Prologues and Harry Potter: Clever or Clunky, Part 2

*Check out Part 1 for an introduction and the discussion of Book 1’s prologue.3056076295_21122bdda0

*Some minor spoilers ahead.

A prologue does not appear again in the Harry Potter books until Book 4, The Goblet of Fire. And yet, is this a prologue or isn’t it? Let’s examine.

At first glance, it looks like a prologue. It happens to a whole different set of characters, far away from Harry, the point of view character. Frank, who we follow in the prologue, doesn’t (indeed, can’t) again appear as a POV character. But, technically, as is revealed in Chapter Two, Chapter One is Harry’s dream, meaning that he experienced the scene. (Thus, Rowling breaks another “rule,” “Don’t open with a dream.”) All in all, there are two deciding factors that determine Chapter One’s function.

Whose Point of View?

The reader follows Frank as he sneaks through the dark house and spies on Voldemort. The reader knows Frank’s thoughts and feelings. But Harry’s “presence” complicates things. Could that “presence” disqualify this chapter from prologue status?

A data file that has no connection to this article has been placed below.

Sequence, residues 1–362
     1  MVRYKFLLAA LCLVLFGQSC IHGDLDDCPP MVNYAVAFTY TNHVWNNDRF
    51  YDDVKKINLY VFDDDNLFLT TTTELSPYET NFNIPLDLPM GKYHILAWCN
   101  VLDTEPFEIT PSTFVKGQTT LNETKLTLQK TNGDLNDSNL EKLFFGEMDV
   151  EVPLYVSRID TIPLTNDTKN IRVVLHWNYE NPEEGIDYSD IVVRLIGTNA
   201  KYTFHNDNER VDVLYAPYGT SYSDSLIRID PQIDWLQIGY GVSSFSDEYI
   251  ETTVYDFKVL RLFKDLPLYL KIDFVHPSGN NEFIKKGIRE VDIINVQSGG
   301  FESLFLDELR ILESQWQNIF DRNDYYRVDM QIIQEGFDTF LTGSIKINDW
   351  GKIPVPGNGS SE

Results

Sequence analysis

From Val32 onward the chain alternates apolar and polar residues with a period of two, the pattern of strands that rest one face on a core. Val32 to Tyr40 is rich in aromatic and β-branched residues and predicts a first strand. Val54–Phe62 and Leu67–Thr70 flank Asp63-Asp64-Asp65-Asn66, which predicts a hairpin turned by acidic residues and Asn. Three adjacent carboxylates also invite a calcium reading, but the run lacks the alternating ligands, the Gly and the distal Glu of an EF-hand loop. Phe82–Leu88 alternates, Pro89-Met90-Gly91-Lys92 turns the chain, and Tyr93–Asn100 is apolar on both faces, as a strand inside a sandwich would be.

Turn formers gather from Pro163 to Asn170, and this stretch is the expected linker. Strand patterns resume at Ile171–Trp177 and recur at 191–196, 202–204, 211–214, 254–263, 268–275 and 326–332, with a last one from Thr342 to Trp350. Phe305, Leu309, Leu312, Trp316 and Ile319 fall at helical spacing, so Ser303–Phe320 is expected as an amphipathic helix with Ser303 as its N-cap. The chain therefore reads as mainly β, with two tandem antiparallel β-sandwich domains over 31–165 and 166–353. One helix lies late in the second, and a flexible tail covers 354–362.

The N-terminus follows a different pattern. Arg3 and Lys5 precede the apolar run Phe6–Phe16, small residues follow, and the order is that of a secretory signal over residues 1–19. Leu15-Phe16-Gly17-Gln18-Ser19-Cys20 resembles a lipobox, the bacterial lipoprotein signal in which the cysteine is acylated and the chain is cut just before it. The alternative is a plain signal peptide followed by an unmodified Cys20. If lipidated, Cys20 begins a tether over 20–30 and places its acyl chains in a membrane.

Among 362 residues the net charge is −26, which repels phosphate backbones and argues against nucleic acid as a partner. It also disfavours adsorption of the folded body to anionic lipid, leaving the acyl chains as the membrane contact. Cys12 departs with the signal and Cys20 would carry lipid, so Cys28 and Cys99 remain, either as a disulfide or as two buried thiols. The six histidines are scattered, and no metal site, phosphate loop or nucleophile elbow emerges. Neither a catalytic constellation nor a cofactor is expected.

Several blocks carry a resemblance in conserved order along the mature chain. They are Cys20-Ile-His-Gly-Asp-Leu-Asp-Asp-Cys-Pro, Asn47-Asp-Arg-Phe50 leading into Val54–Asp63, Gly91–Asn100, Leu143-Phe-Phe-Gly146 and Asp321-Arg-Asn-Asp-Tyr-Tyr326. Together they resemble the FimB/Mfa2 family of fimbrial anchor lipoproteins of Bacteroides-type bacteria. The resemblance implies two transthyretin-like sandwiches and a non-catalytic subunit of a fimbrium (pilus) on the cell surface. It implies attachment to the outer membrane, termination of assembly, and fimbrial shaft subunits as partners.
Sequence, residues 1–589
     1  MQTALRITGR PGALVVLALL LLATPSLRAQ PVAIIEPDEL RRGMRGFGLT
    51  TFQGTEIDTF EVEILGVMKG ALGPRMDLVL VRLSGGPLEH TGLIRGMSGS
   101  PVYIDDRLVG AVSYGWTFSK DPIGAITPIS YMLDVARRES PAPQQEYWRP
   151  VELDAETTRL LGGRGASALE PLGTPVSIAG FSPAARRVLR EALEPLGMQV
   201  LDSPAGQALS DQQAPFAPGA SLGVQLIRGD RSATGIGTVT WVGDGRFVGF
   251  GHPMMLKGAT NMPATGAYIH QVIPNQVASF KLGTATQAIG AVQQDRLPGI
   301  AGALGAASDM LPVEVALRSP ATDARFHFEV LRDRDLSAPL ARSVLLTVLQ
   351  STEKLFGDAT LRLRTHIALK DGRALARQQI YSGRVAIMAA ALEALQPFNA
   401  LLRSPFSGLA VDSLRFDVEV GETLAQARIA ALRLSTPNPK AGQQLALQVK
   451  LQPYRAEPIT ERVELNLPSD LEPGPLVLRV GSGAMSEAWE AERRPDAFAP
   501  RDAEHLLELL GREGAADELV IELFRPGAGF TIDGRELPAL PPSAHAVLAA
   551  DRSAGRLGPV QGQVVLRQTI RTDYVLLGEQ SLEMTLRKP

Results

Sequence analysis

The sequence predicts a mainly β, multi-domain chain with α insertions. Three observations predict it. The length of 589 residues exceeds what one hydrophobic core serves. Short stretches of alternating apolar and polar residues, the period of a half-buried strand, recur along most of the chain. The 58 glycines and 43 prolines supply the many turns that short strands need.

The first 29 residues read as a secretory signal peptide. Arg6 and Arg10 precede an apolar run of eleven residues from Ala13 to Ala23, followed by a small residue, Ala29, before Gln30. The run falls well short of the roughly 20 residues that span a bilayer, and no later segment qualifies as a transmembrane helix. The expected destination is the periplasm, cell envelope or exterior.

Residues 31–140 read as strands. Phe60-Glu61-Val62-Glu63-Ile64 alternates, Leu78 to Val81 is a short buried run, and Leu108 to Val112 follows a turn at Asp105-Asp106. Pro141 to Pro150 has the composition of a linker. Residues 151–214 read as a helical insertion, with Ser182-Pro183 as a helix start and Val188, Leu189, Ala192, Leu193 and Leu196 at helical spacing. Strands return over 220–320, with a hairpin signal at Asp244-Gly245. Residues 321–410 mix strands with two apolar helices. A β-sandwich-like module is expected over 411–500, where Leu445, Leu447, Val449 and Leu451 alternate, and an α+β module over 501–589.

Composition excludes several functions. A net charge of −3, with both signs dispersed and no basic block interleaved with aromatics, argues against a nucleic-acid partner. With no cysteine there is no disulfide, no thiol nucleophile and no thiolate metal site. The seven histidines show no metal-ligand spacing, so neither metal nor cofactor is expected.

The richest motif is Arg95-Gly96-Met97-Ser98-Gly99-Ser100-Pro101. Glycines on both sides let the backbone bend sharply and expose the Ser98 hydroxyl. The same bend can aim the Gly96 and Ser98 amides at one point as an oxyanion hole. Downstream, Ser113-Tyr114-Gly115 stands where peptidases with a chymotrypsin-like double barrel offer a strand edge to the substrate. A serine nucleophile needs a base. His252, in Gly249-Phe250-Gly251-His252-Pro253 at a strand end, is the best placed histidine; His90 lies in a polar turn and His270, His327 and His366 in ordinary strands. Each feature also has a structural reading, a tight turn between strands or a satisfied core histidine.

I argue no, though you may disagree. (And I encourage you to debate in the comments). Harry followed along in his dream, but he wasn’t Frank. The two points of view never converged, not even in the way that we as readers have our personal points of view converge with that of the point of view character. Harry watched the scene like a movie. He didn’t “read” the scene like a book, as evidenced by his own interior dialogue “And who had the old man been? For there had definitely been an old man; Harry had watched him fall to the ground” (p. 17).

What is a Prologue Anyway?

The last post wondered whether prologues could be effective tools. Today, I ask what you define as a prologue. The analysis above demonstrates that there isn’t necessarily an easy answer. What if Harry had witnessed the scene from Frank’s point of view? Would it be a prologue then? What about a book with many shifting points of view? When does a unique point of view qualify a first chapter as a prologue?  I’d love to hear your theories in the comments.

(You might also jump on a tangent as well with the issue of opening with dreams. Always bad? Sometimes okay? Does it count as a dream if a character has psychic powers?)

Until next time and Part 3.

Photo Credit: barb_ar, Creative Commons

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